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Interactivity and transmedia

Interactivité et transmédialité

Interactivity and transmedia

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Published on Tuesday, May 14, 2013


Dans le cadre du projet Narrations sérielles et transmédialité mené au sein du Centre d'études et de recherches comparatistes (CERC) à l'université Sorbonne nouvelle – Paris 3, en collaboration avec l'université de la Rochelle et l'université d'Amsterdam. La journée, qui se tiendra le 8 février 2014, a pour but d'explorer, dans une perspective pluridisciplinaire, la question de l'interactivité dans les oeuvres transmedia.



TV series often coupled with social games, forums and web developments to make the viewers “interact” with their fictional universes. Thus like videogames or role-playing games, contemporary forms of narration seem to incorporate more and more interactivity. Viewers are asked to appropriate the artwork through devices that transform the narration into a patchwork or a jigsaw puzzle which one can enter in many ways.

Or so, at least, is the discourse that underlies many transmedia productions. Yet, what does the notion interactivity exactly cover? The “active” aspect is indeed more and more present, for instance insofar as the fan productions, which used to develop parallel to the professional text are also today created by the industry, which sometimes co-opt the audience’s creative impulses. Besides, the recreational dimension of the link with both fiction and narration is also highlighted in the way that the viewers are led to manipulate and appropriate fictional events through play.

Yet, is there a true interaction between the viewers and the artwork? Most of the time, the games and the transmedia developments are made around the “main” piece of work and are its marginalia, considered an “extra piece”, for neighboring productions shall not seem to be utterly missing to those who only care for the “main” artwork. Nevertheless, this is not always true, and the personal investment that is asked from viewers, as well as what the content can offer them, can be very diverse.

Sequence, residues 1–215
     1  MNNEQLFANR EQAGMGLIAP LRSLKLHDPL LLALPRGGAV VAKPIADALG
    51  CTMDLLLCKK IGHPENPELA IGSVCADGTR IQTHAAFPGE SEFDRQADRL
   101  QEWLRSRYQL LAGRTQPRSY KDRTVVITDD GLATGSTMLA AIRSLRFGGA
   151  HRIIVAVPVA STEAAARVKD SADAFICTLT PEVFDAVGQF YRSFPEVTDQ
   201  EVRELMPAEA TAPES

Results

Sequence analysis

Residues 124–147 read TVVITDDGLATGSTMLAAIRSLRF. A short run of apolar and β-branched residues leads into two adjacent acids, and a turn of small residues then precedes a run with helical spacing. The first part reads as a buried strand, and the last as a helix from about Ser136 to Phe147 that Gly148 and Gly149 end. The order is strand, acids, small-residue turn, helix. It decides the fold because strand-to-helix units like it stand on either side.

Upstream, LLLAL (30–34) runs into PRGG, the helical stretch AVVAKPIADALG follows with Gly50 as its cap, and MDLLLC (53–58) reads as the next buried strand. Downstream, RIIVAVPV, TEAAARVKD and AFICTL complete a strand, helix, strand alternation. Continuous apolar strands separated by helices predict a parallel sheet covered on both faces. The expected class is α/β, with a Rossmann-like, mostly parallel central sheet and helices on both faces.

If interactivity happens, is the notion of the « canon » still valid? Then, if there is no more canon, on what level is the unity of the artwork achieved? In this vein, let’s also think of the attention producers pay to fans’ reactions on the internet, which can sometimes weigh on the narration. Are the fans actually lent an ear, and if so, which of the many types of fans achieve real influence? Are commercial dictates compelling the TV channels to produce an illusion of interactivity? Similarly, the eBook provides those authors and publishers who have the will to seek interactivity with tools to create transmedia-enriched works; readers may then have to manipulate a text to get access to the entire audiovisual content.

Somehow, it is no longer a time for writing stories, but rather one to create worlds, diegeses in which the viewers/readers can enter and with which they can interact. It is indeed a reality in the current system of media production – with, for example, smartphones applications allowing players to conduct an actual investigation in the field – but one may wonder if the relationship existing between the viewers/readers and the story would not already entail some interaction, in emotional, sensory, or intellectual terms, as an imaginary form of commitment. This relationship might have left audience members freer to make theirs the fictional universe and the characters, whereas setting up explicit game dynamics may tend to re-enclose imaginary possibilities by imposing a path to follow. Actually, the development of fan fiction or fan vids already derived from that dynamic of appropriation of the artwork by fans, of personal involvement in the fiction, and of building an interactive community around that piece of fiction.